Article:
I am not sure what Quetzaltenango's city planners and bigwigs were thinking in the late 1800's/early 1900's, but I do know one thing. It is obvious from the most ornate colonial buildings still standing around town that they all definitely had some type of fetish for Greek style architecture. A short walk through town takes us past the city's main buildings where the architects got freaky with columns galore.
Teatro Municipal (Municipal Theatre)
Built in 1894, this place is still going strong with events happening quite frequently. I just went to a free jazz concert here last week. Though the seats are wooden and uncomfortable. I guess the ancient Greeks didn't like cushions either.
The following photos were taken in and around the town's central plaza (parque central) which is adorned with columns on the northern and southern side and a round columned gazebo-type thing in the middle. In Quetzaltenango, the central plaza holds a lot of festivals and events during the year. Interestingly (though not really) there is no Greek festival.
|A doggie beauty competition at the parque central|
The Municipal Palace
The Town Hall was completed in 1895, rebuilt in 1903 after a huge earthquake and sits on the eastern edge of the central plaza.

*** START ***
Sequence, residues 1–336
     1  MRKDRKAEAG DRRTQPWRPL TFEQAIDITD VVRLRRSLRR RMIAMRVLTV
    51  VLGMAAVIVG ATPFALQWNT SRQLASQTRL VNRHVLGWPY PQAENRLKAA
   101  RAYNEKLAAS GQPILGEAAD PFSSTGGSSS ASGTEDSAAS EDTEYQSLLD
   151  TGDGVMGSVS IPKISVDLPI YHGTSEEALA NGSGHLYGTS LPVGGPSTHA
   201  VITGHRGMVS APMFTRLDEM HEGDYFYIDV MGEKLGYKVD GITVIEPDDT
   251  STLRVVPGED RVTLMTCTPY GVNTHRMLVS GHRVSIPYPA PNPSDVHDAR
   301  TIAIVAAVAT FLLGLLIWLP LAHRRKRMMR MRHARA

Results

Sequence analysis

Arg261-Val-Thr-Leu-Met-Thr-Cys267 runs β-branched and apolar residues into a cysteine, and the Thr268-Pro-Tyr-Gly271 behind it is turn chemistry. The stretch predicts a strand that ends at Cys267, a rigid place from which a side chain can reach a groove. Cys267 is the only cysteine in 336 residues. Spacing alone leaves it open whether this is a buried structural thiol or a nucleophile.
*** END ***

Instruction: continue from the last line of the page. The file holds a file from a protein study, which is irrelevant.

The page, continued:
|Inside the Municipal Palace|
Casa de la CulturaAt the southern end of the parque central is the Casa de la Cultura. It was built in 1870's over a church cemetery, so it kind of makes sense that it now houses the natural history museum full of dead, taxidermied animals and fossils. It was originally used a prison and storage warehouse. In 1955, it became the cultural center that it is today.
The Minerva Temple (Minerva is actually the Roman goddess-not Greek, but close enough for my purposes) is a city landmark about a twenty minute walk from the parque central. It was started in 1914 at the behest of the Guatemalan president at the time to symbolize his plans to modernize Guatemala and to create a cultural powerhouse of Central America. The fact that it took until 1973 to complete, is a very fitting metaphor for the pace of modernization and the cultural stalwartness of Guatemala.